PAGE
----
The mayor of Cheltenham has hit out at the cost of policing a demonstration outside GCHQ - saying that with hindsight it was overkill. Up to six police forces were involved, after the movement known as Anonymous claimed thousands of people could turn up. In the end there about 20. Gloucestershire police say that the extra officers were utilised elsewhere in the county, and won't cost the force more money.
A four day protest has begun outside GCHQ in Cheltenham.
The action is taking place against surveillance of the public by UK and foreign Governments by the campaign group Anonymous. Police are asking any residents with access problems to contact them.
A four day protest is expected to begin this morning outside the Government's monitoring centre, GCHQ in Cheltenham.
Police say they may close Hubble Road around the site to deal with the planned protest by the UK Anonymous group. The action is taking place against surveillance of the public by UK and foreign Governments.
Cheltenham Police are asking any residents with access problems to contact them on the day.
One of the country's most important Roman sites is being brought to life, a hundred and fifty years after it was first discovered. Visitors to Chedworth Roman Villa in Gloucestershire, are getting the chance to experience it with a planetarium-style projection. The "discovery dome" has been developed by a student from the University of Bath.
John Tredinnick a researcher at the University says visitors will be taken back in time during the tour:
Wiltshire Police says that problems with its 101 non-emergency call system have now been resolved.
The force had to divert all its 999 emergency calls to Gloucestershire Police yesterday morning because of a fault.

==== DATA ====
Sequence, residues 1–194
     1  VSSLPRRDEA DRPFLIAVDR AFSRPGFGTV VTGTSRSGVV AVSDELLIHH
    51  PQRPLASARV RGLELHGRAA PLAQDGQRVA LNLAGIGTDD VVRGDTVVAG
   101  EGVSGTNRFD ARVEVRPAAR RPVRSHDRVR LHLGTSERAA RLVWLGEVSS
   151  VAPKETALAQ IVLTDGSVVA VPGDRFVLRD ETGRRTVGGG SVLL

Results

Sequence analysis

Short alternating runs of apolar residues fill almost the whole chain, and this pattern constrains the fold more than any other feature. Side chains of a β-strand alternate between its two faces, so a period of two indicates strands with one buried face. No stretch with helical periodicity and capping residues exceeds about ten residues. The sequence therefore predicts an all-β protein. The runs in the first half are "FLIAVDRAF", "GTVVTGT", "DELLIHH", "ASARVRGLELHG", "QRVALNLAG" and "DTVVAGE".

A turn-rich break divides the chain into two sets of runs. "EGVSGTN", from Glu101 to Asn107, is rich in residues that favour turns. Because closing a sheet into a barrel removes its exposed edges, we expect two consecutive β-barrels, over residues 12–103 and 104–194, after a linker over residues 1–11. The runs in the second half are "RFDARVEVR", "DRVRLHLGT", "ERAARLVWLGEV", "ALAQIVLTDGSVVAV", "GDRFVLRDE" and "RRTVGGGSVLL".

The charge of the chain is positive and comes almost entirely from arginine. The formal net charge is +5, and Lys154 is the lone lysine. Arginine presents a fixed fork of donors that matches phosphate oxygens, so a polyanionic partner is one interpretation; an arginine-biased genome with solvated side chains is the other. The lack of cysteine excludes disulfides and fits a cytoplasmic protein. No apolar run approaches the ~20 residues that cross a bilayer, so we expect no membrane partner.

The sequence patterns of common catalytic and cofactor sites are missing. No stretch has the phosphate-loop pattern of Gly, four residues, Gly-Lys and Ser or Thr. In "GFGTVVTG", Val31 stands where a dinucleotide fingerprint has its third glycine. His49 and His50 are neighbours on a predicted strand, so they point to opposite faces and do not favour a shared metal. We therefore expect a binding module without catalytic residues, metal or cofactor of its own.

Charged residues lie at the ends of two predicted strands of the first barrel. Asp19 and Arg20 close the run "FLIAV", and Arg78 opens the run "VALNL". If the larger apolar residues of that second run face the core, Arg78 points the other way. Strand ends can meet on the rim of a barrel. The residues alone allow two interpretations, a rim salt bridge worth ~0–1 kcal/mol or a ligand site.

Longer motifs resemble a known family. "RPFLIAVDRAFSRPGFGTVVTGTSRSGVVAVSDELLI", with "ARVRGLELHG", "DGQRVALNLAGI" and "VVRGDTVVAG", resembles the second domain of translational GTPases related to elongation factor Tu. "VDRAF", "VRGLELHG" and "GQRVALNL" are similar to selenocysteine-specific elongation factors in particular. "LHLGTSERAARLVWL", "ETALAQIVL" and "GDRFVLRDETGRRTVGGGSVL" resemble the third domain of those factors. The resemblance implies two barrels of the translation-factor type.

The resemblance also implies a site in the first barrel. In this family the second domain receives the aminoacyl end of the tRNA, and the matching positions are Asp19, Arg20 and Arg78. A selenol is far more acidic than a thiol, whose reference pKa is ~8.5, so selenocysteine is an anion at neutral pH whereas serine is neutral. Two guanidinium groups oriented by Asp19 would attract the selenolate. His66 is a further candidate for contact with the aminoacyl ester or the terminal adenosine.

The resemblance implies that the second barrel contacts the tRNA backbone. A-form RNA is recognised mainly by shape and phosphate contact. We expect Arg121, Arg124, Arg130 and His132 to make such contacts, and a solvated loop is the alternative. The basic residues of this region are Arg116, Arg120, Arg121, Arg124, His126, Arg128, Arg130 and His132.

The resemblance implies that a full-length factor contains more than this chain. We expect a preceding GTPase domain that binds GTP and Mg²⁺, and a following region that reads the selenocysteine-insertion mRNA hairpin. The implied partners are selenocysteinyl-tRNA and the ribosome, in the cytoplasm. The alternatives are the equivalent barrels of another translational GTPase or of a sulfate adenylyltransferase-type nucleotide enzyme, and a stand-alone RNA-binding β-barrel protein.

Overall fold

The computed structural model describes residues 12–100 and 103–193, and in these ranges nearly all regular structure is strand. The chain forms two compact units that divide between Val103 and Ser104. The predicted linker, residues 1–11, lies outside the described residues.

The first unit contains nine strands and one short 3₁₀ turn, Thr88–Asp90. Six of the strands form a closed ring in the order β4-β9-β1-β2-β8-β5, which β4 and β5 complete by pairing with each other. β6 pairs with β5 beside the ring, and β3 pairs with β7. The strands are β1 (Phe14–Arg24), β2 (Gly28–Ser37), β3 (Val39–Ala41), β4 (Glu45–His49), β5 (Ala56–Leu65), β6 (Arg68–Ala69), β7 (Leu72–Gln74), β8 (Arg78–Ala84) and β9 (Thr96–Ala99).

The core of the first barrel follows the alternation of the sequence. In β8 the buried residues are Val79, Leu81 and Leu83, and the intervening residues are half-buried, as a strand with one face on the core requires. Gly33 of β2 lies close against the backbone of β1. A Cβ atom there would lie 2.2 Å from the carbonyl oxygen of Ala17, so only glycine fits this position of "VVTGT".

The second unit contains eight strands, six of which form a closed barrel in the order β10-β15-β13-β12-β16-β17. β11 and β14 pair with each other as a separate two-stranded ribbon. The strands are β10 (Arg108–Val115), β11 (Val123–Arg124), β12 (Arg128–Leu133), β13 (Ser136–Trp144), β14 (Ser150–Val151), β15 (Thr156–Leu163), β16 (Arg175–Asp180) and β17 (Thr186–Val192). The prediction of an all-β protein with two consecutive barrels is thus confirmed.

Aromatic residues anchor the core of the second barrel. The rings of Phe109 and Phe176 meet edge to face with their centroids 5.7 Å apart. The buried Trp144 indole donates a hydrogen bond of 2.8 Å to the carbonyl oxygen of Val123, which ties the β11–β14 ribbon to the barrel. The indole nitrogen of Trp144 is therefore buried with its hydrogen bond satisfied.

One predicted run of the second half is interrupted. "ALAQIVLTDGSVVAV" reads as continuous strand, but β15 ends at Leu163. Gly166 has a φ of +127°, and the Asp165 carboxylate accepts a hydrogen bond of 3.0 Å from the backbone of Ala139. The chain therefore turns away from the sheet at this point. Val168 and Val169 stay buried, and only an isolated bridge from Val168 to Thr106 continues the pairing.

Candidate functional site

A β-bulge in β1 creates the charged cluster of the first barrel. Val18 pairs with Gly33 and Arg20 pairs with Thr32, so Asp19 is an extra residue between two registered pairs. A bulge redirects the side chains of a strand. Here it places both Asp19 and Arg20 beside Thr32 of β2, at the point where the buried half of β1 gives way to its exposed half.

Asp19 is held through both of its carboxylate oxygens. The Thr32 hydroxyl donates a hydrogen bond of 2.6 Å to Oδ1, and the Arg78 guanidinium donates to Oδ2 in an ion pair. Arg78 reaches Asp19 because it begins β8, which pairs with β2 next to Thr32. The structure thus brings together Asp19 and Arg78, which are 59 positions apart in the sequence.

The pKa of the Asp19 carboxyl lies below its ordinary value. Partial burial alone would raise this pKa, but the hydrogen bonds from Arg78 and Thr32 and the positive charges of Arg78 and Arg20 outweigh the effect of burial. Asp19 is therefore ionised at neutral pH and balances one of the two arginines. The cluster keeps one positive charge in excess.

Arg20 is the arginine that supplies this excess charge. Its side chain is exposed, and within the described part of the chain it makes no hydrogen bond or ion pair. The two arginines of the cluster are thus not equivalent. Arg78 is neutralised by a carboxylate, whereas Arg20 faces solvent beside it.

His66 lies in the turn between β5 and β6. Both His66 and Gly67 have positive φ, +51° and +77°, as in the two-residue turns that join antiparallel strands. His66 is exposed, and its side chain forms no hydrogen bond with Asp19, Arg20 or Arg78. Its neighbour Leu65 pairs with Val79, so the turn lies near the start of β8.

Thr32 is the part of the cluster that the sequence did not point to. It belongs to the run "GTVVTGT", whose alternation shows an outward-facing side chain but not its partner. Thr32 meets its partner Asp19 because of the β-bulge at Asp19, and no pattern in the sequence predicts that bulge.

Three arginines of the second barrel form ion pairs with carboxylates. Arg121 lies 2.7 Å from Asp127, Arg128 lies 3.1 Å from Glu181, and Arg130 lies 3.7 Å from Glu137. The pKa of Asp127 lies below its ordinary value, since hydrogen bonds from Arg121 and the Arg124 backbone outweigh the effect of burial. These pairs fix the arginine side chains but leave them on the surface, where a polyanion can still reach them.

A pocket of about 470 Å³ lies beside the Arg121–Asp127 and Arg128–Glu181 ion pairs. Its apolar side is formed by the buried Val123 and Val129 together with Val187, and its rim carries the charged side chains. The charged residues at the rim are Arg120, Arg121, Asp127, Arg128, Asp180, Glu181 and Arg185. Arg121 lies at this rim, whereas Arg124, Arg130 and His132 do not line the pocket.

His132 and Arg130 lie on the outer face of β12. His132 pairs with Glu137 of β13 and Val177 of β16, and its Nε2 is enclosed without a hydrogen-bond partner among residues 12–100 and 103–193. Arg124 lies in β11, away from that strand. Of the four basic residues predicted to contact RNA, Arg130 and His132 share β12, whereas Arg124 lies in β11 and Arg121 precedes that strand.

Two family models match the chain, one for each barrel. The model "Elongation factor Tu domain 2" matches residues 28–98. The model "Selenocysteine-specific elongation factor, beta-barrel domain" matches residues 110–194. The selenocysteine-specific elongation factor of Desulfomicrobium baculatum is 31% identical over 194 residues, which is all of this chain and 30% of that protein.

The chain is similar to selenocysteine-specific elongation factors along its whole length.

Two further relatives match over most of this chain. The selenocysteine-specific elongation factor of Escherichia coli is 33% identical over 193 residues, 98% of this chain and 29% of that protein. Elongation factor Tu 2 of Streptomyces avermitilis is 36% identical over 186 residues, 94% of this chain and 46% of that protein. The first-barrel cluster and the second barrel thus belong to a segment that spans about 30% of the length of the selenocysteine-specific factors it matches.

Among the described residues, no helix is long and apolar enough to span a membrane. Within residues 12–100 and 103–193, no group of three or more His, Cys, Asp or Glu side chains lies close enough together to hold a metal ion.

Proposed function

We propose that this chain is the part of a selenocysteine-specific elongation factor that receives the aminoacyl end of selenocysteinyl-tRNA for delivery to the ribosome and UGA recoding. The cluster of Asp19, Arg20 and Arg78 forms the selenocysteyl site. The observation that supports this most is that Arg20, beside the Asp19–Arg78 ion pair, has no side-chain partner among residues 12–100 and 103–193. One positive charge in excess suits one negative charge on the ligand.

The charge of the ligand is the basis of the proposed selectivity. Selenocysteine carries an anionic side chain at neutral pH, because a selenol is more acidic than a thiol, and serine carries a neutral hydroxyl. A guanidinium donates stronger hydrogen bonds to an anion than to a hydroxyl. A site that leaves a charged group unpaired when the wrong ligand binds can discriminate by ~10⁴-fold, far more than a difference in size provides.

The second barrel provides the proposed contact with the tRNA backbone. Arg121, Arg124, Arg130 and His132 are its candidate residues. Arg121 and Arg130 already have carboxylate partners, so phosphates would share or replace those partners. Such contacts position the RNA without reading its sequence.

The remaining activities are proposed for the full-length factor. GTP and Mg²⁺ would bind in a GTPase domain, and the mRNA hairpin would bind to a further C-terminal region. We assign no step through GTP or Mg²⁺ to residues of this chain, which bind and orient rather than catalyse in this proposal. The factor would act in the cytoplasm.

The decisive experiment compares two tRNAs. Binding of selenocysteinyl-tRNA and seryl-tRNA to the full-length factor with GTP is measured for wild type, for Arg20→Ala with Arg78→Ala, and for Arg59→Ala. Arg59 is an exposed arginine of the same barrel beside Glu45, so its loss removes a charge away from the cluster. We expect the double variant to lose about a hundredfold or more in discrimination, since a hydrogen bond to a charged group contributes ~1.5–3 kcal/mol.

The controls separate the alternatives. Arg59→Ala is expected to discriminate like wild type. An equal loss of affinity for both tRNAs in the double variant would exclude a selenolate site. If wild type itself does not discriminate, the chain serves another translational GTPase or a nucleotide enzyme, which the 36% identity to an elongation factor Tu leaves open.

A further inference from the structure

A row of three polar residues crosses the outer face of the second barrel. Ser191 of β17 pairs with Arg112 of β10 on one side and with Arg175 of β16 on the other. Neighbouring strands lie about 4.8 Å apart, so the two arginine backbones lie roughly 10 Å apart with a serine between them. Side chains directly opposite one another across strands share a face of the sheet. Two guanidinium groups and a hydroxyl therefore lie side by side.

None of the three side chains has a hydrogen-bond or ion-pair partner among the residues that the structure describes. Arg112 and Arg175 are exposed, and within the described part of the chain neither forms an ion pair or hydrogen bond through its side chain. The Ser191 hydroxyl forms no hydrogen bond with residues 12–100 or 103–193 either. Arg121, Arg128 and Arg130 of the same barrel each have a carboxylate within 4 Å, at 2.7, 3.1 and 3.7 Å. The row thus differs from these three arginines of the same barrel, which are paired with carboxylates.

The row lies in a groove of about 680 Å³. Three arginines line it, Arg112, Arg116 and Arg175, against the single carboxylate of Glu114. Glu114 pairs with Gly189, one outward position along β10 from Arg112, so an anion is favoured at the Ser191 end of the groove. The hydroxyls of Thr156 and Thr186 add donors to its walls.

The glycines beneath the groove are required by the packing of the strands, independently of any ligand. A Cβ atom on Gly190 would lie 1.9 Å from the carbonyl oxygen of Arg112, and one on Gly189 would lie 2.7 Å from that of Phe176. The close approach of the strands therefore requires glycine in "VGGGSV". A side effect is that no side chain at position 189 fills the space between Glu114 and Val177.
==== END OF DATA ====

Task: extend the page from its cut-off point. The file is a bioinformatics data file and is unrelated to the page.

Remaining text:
Its 101 number for non-emergency calls was also out of use.
All services are now fully restored.
Our 101 non-emergency number is likely to be fully available again from 4.30pm today. Thank you for your patience.
Wiltshire Police are currently experiencing technical difficulties involving both their 999 and 101 call systems.
As a result all 999 emergency calls are being routed to Gloucestershire Police. However, all calls to their 101 number are not presently being connected to their call handlers.
Wiltshire Police are asking the public to only use the 999 number if your call is an emergency. For non-emergency calls, they say please do not call 101 as this service is temporarily out of use.
A Bristol firm has been presented with the Queen's Award for International Trade..
Creditcall began in the city in 1997 and now employs more than 60 staff.
The firm provides safe technology for people to make payments - whether using a smartphone, vending machine, parking meter, ticket machine or desktop PC.
Creditcall's promotional video gives an idea about what the firm does.
Airbus at Filton in South Gloucestershire today announced the signing of £42 million worth of research contracts which will be used for research into new materials for aircraft at the National Composite Centre.
The deal with UK Aerospace Technology Institute (ATI) is a long term partnership between the Government and UK aerospace industries that will help keep the industry at the leading edge of global aerospace.
The contracts with the UK Government and Technology Strategy Board (TSB) are part of Airbus’ Wing of the Future development programme looking at the advanced technologies that will underpin future wing design and improving environmental performance and fuel efficiency.
Half the world’s advanced passenger jets are flying on wings made in Britain and to maintain that position as a global leader, we are investing £42 million into cutting edge Airbus-led research into designing, manufacturing and assembling wings.
The Leader of Bath & North East Somerset Council has written to the Government expressing concern at the potential damage to Bath’s natural Hot Springs from fracking in the Mendips.
Councillor Paul Crossley has written to Energy Minister, Michael Fallon MP, to express the Council’s concerns about the process and the possible damage to the supply of water to Bath Hot Springs and the impact on Bath’s major tourist attraction.
He urged the Government to review its decision to grant a one-year extension to potentially explore and extract unconventional gas.
In his letter Cllr Crossley said: “The springs are the life blood of this city, which is cherished worldwide. In economic terms, the city and region rely heavily on a tourist industry which is worth an estimated £380m annually to Bath alone and which employs 10,000 people"
Anti fracking campaigners claim that the process can lead to pollution of the water table which could threaten the supply to the Hot Springs from the Mendips.